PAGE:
Inside supersonic skydiver's secret training grounds

Inside supersonic skydiver's secret training grounds »Play Video
This image provided by Red Bull Stratos shows pilot Felix Baumgartner of Austria as he jumps out of the capsule during the final manned flight for Red Bull Stratos on Sunday, Oct. 14, 2012.

TAFT, Calif. (KBAK/KBFX) — In a giant leap from more than 24 miles up, a daredevil skydiver shattered the sound barrier Sunday while making the highest jump ever — a tumbling, death-defying plunge from a balloon to a safe landing in the New Mexico desert.

Felix Baumgartner hit Mach 1.24, or 833.9 mph, according to preliminary data, and became the first man to reach supersonic speed without traveling in a jet or a spacecraft after hopping out of a capsule that had reached an altitude of 128,100 feet above the Earth.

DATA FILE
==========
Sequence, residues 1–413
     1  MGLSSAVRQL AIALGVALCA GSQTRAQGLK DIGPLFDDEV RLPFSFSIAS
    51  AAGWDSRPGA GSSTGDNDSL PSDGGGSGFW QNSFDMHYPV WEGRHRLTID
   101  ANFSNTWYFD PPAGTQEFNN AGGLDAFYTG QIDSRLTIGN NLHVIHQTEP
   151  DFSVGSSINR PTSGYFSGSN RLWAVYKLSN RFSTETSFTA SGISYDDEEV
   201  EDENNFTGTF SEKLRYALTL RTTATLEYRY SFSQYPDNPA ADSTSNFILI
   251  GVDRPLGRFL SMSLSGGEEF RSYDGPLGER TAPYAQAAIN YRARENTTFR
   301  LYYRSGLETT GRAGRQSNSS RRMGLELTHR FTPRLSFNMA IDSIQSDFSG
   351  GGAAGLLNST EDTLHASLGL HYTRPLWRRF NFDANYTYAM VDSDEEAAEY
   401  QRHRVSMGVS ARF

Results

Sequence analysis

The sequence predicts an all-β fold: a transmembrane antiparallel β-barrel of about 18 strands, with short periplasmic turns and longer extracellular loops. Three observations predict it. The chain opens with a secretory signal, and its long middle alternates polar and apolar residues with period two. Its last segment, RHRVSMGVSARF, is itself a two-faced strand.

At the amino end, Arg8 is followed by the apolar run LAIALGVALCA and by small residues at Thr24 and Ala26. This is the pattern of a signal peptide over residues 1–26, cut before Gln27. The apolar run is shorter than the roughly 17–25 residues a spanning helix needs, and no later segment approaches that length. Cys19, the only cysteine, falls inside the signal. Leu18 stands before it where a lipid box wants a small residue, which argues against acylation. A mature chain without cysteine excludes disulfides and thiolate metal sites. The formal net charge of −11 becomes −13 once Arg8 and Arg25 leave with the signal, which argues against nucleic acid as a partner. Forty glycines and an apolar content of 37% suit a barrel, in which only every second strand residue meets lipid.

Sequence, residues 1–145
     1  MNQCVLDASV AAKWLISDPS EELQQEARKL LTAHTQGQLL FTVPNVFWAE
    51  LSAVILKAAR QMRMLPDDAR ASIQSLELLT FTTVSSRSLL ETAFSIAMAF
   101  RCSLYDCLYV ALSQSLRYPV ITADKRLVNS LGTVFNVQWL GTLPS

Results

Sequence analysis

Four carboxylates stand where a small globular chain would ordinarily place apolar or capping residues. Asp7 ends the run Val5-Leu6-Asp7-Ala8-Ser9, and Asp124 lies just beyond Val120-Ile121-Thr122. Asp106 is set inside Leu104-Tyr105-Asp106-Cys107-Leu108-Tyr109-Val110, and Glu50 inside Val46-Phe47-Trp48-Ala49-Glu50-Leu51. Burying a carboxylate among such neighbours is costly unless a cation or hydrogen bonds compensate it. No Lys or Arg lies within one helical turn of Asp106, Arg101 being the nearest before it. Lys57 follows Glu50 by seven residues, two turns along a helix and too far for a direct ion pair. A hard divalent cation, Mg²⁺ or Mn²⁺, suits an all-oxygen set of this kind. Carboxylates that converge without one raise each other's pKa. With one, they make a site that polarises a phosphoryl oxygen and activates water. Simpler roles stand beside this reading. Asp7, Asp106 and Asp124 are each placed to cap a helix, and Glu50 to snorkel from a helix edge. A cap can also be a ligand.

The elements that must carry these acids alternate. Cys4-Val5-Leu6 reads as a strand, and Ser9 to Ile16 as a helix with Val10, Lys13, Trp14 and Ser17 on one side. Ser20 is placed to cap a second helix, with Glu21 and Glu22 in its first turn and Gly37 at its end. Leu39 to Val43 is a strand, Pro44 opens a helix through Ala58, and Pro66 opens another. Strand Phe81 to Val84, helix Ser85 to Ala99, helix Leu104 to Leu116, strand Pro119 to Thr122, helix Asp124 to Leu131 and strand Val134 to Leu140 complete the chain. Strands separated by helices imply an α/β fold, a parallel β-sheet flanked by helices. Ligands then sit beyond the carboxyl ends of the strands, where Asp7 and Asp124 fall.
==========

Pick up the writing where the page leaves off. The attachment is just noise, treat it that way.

For the last four years, Baumgartner conducted secretive jump training in Kern County, at Skydive Taft.

"We were taking him up, Felix up, to about (25,000 or) 35,000 feet, and he was jumping out in his suit, and they were testing the parachute, how it was going to deploy, how the suit was going to function," Skydive Taft owner Dave Chrouch said. "Finally, they kind of got everything situated to where they were ready to make the jump this year."

Associated Press information used in this report.